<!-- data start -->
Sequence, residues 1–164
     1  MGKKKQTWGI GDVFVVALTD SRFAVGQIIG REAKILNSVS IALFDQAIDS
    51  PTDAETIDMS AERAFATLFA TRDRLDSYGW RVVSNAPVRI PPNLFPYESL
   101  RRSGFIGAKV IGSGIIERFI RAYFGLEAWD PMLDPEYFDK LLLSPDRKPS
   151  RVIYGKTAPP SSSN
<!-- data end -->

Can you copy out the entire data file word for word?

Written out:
Sequence, residues 1–164
     1  MGKKKQTWGI GDVFVVALTD SRFAVGQIIG REAKILNSVS IALFDQAIDS
    51  PTDAETIDMS AERAFATLFA TRDRLDSYGW RVVSNAPVRI PPNLFPYESL
   101  RRSGFIGAKV IGSGIIERFI RAYFGLEAWD PMLDPEYFDK LLLSPDRKPS
   151  RVIYGKTAPP SSSN